[E-voting] intriguing possibilities using digial scanners

Marian Beddill beddill at nas.com
Sun Sep 11 02:43:34 IST 2005

Catherine et al;

We discussed digital images at a recent forum in my city, at which Bev 
Harris (of BBV) was one of the panelists.

In our state (Washington {Seattle}) somebody wrote into law many years ago 
that a computer "record" has the value of a "cast ballot".  I was astounded 
when I saw that, obviously the work of someone setting the stage for 
internet and DRE voting.

Thus such a digital image, being by any standard a "computer record", could 
be considered "the ballot".  We just barely escaped in recent years 
language which would have made that able to trump even the presence of a 
voter-verifiable paper ballot, but it still MAY BE used, and that 
permission is what allows paperless DRE's to be used.

That leads me to the review of the ability to tamper with such a digital 
image file.  Simple software may edit an image, such as the common TIFF or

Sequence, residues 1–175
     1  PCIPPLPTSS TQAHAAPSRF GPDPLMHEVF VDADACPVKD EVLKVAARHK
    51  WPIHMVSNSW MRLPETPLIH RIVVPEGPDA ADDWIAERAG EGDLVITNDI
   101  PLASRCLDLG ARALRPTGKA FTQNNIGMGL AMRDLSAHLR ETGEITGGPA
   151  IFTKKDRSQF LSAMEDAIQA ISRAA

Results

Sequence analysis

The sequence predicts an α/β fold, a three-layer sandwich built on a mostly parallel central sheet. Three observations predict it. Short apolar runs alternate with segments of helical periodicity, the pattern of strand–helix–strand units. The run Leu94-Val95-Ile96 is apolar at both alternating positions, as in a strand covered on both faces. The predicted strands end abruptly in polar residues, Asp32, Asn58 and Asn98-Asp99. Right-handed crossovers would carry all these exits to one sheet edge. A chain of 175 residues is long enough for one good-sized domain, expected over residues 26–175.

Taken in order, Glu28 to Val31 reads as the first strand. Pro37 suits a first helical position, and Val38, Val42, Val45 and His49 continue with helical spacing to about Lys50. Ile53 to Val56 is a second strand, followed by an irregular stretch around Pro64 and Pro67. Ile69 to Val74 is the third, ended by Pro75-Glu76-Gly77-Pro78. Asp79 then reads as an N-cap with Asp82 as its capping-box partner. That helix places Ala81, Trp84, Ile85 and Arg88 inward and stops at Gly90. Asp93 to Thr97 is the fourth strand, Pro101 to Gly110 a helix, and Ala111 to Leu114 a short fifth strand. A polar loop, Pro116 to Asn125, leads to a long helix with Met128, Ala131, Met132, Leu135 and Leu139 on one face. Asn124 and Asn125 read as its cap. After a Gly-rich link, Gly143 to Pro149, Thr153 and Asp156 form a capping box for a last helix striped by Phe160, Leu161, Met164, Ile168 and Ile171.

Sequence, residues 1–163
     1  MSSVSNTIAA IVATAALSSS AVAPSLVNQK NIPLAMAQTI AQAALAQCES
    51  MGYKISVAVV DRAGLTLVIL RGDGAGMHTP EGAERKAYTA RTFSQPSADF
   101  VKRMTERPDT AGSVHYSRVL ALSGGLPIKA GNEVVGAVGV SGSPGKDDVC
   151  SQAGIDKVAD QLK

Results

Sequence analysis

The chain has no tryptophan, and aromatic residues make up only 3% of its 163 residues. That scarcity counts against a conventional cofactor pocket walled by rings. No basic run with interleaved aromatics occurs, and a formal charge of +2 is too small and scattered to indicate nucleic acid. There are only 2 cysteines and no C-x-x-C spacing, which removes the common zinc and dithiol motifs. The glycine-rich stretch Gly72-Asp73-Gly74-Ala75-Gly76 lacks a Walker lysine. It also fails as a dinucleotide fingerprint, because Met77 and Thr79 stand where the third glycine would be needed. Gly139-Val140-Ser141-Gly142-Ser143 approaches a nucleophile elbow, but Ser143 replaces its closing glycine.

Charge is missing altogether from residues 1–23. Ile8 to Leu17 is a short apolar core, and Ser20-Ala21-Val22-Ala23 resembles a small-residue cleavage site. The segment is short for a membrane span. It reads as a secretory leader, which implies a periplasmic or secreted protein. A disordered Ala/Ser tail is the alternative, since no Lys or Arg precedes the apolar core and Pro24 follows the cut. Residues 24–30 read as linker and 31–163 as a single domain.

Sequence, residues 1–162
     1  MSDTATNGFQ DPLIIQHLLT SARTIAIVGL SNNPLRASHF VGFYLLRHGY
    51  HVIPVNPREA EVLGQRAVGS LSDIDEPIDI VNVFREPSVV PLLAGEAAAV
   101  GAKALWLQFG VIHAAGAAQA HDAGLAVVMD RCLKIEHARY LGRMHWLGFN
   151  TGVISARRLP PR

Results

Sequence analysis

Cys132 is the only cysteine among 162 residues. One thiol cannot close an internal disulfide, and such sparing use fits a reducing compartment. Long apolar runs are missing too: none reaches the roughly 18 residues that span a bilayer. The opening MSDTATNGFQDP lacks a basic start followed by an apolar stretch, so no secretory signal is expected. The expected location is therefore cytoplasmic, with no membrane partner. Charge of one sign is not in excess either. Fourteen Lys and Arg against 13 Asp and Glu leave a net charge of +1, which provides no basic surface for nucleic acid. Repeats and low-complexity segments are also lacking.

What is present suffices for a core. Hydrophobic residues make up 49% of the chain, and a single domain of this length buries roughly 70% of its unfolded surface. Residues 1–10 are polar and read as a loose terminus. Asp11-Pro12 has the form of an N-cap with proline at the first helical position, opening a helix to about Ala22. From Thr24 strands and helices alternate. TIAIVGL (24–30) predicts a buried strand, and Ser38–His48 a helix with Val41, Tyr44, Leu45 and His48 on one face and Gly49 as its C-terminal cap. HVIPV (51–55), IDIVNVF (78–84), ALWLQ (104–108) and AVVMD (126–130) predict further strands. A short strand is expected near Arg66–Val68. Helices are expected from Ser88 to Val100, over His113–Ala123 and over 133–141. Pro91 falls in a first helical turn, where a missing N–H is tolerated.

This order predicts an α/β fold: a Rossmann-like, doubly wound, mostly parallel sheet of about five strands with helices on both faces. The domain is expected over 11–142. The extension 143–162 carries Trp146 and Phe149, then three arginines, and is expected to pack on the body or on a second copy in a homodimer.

JPEG files, thus such a record could easily have the voter intent subverted 
by changing the file after the voter cast their ballot.  Such a subversion 
could happen at any place in the chain-of-custody of the image, and I 
believe that it would be very difficult to prevent or even detect such edits.

It is true that files may have "signatures" or tags like the older CRC 
number either internally or externally to the image file. But that itself 
only constitutes yet another "computer record" which itself could be 
subverted.  And the additional security management to verify such coding 
would be a burden on the election staff - subject to human failure allowing 
the images to be changed.

Marian Beddill

At 9/10/2005  04:14 PM, Catherine Ansbro wrote:

>Have a look at www.blackboxvoting.org - new items re: optical scanning.
>Finnish computer expert Harri Hursti has apparently developed some new 
>methodology using existing optical scanners which produce a digital 
>image.  (This doesn't relate to older scanners or ones that use infrared 
>technology.)  Apparently he's developed open source software.  In the USA 
>a scanned image of a ballot is considered to be a public record so at 
>least in theory people should be able to get a copy of all the ballot 
>images, and count them for themselves, with or without software.
>Could this be of interest here?  Snag--I don't think we have any similar 
>rules here relating to /images/ of ballots as public records.

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